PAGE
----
Berlin, Germany | AFP | The current top long-distance runners will clash in Germany’s capital on Sunday with a trio, spearheaded by Olympic champion Eliud Kipchoge, threatening the world record at the Berlin Marathon.
Kenya’s Kipchoge, 32, and Wilson Kipsang, 35, take on Ethiopia’s Kenenisa Bekele, 35, in an elite line-up with former record-holder Patrick Makau and 2007 world champ Luke Kibet also in the mix.
Kipchoge is the man to beat in Berlin, where the current world record of two hours, 2:57 minutes was set by compatriot Dennis Kimetto in 2014.
Kipchoge has won seven of the last eight marathons he has entered, including the Olympic title in Rio de Janeiro when he finished a minute ahead of the field.
Kipsang, who ran a then-world record 2:03.23 in 2013 in Berlin, has announced that he plans to go under 2:02:20 in this year’s race, but Kipchoge is just as determined to claim a new record.
“I won’t decide until the last moment how fast I will start out, but I can say this: I want the world record,” he said.
The world marathon record has fallen seven times in Berlin over the last 20 years.
Former world record-holder
— IAAF (@iaaforg) September 22, 2017
The early autumn weather normally means little wind and ideal temperatures on a flat, fast course.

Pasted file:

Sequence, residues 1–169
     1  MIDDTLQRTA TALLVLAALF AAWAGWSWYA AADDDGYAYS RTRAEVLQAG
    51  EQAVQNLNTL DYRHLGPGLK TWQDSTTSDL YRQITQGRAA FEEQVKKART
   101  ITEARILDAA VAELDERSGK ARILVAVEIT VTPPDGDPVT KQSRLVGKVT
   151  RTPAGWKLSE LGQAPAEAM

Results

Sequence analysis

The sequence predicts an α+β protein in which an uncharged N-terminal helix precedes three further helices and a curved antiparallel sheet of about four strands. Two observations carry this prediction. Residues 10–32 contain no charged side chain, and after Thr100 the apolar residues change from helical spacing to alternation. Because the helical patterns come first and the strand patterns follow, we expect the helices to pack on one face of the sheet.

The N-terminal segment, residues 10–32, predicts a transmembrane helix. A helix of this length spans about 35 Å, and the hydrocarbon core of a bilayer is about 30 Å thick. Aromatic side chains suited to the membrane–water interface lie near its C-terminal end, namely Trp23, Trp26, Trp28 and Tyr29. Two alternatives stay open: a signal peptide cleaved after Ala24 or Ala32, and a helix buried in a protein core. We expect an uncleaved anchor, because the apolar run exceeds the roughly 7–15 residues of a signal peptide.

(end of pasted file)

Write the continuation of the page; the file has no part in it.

Alongside Kipchoge and Kipsang, who won the Tokyo marathon in February, is the Berlin marathon’s defending champion Bekele, who came within six seconds of the world record in Berlin last year.
Bekele did so despite muscle cramps during the second half of the race to hold off Kipsang and this year promises a rematch alongside Kipchoge’s considerable challenge.
“I expect a stiff competition from the two guys. All three of us are at the top of our game right now, but there will be only one winner,” Kipchoge told AFP earlier this month.
Kipchoge has already smashed the world record once this year — albeit unofficially.
In May, he came within 25 seconds of running the first sub two-hour marathon during a sponsored event at the Formula One race track in Monza, Italy.
The race was not recognised by the International Association of Athletics Federations (IAAF), but now he wants the official record.
“It showed me what the human body is capable of and how we can push our limits if we can break the mental barriers,” added Kipchoge.
“I ran a pace of 2:50 per kilometre for almost two hours. That will help me in Berlin too.”